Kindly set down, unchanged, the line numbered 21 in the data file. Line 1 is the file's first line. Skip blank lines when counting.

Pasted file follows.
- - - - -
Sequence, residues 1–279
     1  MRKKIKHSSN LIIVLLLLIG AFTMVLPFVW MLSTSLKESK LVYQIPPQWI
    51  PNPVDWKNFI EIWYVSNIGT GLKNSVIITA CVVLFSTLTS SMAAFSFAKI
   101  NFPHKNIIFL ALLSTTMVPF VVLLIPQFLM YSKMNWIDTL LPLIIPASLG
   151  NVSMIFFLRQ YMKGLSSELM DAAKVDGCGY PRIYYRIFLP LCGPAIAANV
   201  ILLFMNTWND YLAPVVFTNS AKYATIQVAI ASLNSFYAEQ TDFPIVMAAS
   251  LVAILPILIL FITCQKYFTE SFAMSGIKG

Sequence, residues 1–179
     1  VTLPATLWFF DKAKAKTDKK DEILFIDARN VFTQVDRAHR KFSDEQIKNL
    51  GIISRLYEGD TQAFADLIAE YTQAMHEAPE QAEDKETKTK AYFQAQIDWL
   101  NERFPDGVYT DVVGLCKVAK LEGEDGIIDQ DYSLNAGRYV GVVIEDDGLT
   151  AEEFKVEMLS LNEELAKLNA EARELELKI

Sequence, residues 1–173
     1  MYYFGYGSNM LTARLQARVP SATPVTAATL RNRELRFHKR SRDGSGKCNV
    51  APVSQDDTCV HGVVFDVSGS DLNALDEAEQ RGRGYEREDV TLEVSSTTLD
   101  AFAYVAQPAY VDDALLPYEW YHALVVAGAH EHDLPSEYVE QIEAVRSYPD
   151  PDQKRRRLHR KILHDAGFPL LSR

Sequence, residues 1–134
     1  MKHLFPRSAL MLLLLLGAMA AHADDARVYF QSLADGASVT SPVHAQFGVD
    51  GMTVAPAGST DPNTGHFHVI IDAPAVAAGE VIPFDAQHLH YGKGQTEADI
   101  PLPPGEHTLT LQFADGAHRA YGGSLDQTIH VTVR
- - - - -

   101  PLPPGEHTLT LQFADGAHRA YGGSLDQTIH VTVR